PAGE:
23. ^ Cincinnati Commercial January 7, 1862 ("Big Buster")
  24. ^ Fry, James B., General (1885). Killed by a Brother Soldier: A Chapter in the History of the War. New York: G. P. Putnam's Sons. p. 3. hdl:2027/yale.39002064227953.CS1 maint: multiple names: authors list (link)
  25. ^ "About the Battle of Richmond". The Battle of Richmond Association. 2012. Retrieved June 12, 2014.
  26. ^ "The Battle of Richmond". The Civil War Trust. Retrieved June 12, 2014.
  27. ^ Sones, Bruce V., Major (2000). Brigadier General Jefferson C. Davis: Civil War General. Fort Leavenworth, Kansas. p. 51.CS1 maint: multiple names: authors list (link)
  28. ^ Sones, Bruce V., Major (2000). Brigadier General Jefferson C. Davis: Civil War General. Fort Leavenworth, Kansas. p. 45.CS1 maint: multiple names: authors list (link)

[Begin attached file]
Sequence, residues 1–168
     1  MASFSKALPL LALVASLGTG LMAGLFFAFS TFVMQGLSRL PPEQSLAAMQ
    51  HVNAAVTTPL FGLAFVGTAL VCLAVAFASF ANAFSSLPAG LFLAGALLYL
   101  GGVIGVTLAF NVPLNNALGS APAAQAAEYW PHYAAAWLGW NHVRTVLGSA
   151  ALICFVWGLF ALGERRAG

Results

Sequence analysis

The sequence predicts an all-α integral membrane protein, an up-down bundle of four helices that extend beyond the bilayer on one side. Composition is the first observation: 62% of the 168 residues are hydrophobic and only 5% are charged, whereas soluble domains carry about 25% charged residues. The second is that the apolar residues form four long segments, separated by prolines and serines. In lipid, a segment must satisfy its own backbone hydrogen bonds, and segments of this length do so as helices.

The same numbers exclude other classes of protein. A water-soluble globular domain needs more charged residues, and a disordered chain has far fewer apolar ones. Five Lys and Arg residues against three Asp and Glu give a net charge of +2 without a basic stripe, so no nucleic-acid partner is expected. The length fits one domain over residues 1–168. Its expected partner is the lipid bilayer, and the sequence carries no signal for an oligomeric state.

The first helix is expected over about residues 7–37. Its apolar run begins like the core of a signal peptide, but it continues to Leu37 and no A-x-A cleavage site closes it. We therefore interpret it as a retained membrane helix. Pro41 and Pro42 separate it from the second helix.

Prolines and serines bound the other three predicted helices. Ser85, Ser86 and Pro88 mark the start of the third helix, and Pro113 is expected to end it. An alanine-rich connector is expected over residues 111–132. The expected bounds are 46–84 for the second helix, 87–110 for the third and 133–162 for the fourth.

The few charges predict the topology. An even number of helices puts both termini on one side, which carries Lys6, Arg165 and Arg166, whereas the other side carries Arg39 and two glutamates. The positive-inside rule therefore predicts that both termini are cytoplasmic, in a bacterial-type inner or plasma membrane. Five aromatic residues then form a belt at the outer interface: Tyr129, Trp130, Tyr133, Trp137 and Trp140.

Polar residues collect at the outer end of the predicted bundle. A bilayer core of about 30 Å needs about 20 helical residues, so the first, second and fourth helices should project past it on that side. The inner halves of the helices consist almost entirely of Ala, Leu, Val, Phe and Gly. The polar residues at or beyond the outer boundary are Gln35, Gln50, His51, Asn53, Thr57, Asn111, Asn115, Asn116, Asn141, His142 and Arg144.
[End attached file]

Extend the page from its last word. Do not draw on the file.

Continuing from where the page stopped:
29. ^ Kennett, R.G., Lieutenant Colonel, Chief of Staff, Headquarters, Army of the Mississippi (August 12, 1862). "Special order no. 208, Chief of Staff Lieutenant Colonel [R].G. Kennett, headquarters, army of the Mississippi" (PDF and JPG). Indianapolis: Indiana Historical Society. M0080_Box1_Folder4_1862-08-12_001. Retrieved June 12, 2014.CS1 maint: multiple names: authors list (link)
  30. ^ Fry, James B., General (1885). Killed by a Brother Soldier: A Chapter in the History of the War. New York: G. P. Putnam's Sons. p. 4. hdl:2027/yale.39002064227953.CS1 maint: multiple names: authors list (link)
  31. ^ Fry, James B., General (1885). Killed by a Brother Soldier: A Chapter in the History of the War. New York: G. P. Putnam's Sons. p. 5. hdl:2027/yale.39002064227953.CS1 maint: multiple names: authors list (link)
  32. ^ Sones, Bruce V., Major (2000). Brigadier General Jefferson C. Davis: Civil War General. Fort Leavenworth, Kansas. pp. 53–54.CS1 maint: multiple names: authors list (link)
  33. ^ Fry, James B., General (1885). Killed by a Brother Soldier: A Chapter in the History of the War. New York: G. P. Putnam's Sons. pp. 4–5. hdl:2027/yale.39002064227953.CS1 maint: multiple names: authors list (link)
  34. ^ Sones, Bruce V., Major (2000). Brigadier General Jefferson C. Davis: Civil War General. Fort Leavenworth, Kansas. p. 55.CS1 maint: multiple names: authors list (link)